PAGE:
B.S. How would you define the situation of people with albinism in most sub-Saharan African countries?
IK: Overall, a tremendous amount of awareness has been raised on the situation of people with albinism on the African continent. There is almost no one from the continent who is not aware of the situation of people with albinism. Most people are aware of reports of attacks and discrimination against persons with albinism in several countries in the region. Most people are equally aware of the need to take action to promote and protect the human rights and dignity of people with albinism and there is a lot of goodwill from most governments. It is for this reason that the African Union extended the regional action plan for another ten years i.e. from its initial end date of 2021 to 2031.
Some governments have gone as far as declaring their own national action plans on albinism with multi-year budgets. This approach is now the gold standard on what countries in the region ought to be doing on this issue, and we hope to continue to promote it going forward. If many more countries take this approach, we will retain all the gains we have made to date and there will be such a seismic shift for the better for people with albinism and their family members across the continent within less than a generation. I am confident of this because of the enormous growth of albinism advocacy groups, led by increasingly capable people with albinism. I believe many of these are gradually and successfully engaging stakeholders to support them and they are also holding their governments accountable. While there is a long way to go on the continent, we are far better than ten years or six years ago. For more information on the progress of countries in Africa on this issue, click here.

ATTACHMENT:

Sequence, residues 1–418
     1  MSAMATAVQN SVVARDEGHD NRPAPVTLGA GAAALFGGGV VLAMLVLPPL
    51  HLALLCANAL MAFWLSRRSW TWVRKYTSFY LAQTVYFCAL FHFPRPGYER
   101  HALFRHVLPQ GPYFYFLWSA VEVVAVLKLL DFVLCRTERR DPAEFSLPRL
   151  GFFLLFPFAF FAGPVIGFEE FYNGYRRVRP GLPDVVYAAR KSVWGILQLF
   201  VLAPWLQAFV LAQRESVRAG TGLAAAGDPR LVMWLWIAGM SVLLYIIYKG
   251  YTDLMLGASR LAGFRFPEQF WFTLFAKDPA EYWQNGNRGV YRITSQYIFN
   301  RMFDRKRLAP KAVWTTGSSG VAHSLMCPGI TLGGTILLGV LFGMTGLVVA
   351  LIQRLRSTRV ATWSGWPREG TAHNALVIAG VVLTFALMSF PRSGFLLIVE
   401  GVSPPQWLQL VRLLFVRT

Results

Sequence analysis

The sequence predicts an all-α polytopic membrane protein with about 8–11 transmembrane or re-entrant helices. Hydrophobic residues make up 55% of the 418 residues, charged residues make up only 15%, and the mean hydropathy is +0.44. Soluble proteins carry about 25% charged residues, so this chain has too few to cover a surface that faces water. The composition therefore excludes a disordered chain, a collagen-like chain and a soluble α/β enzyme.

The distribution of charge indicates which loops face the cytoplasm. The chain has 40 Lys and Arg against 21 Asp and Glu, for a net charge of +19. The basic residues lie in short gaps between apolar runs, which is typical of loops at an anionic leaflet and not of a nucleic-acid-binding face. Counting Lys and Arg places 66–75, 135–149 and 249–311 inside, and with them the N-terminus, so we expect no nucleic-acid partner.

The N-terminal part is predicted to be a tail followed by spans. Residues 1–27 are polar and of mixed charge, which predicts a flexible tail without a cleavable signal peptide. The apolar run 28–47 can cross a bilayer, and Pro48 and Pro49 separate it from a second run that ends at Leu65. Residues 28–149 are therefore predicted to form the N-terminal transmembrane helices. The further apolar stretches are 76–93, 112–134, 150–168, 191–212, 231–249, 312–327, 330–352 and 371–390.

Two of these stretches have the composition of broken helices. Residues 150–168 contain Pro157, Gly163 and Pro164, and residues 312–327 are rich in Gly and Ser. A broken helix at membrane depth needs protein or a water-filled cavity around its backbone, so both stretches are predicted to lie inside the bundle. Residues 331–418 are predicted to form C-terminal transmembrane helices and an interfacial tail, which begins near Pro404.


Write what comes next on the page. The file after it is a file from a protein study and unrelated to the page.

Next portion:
B.S: Which countries in Sub-Saharan Africa have made the most progress with regards to the rights of people with albinism?
IK: Many countries have taken impressive strides. However, if I had to choose, I would say Kenya. Kenya has set aside a budget of roughly one million US dollars annually for their albinism policy. The policy has been in effect for over a decade now and it covers the cost of sun protection creams for people with albinism in Kenya. It also pays for some skin cancer treatment, some visual devices and pays also for awareness-raising. I also wish to commend Malawi for replicating the Kenya model and I urge other countries in the process of replicating the model to complete that process including Uganda, Kenya, South Africa, and Tanzania.
B.S: What is your wish for all the people with albinism on the African continent?
IK: I wish that people with albinism on the African continent will be increasingly treated as fellow human beings deserving of respect. That they will also be seen as people with inherent dignity, qualities and talents to offer. I hope that they will be offered support to thrive and that such support does not remain accessible only to a privileged few with the wealth or the confidence to advocate for themselves. I also hope that reports of discrimination, stigma and attacks will soon become something of the distant past. That generations born from now will read about these issues as history that no longer occurs and one that ought never be repeated.
B.S: An advice / recommendation for your successor?
IK: Always remember who you are working for.
You are working for that baby who is vulnerable to attack. You also work for that toddler who already has pre-cancerous lesions on his skin; for that mother being forced to abandon her child; and for that child that was abandoned. You are working for those that struggle against discrimination in the health and education systems and in their family and community. You are also working for those who have already died untimely deaths due to attack or discrimination – whose memory you now honour by protecting others.
This thought will carry you through all the ups and downs, which you will no doubt encounter even as you journey upwards toward the summit of success.
Lawyer, United Nations Independent Expert on the enjoyment of human rights by persons with albinism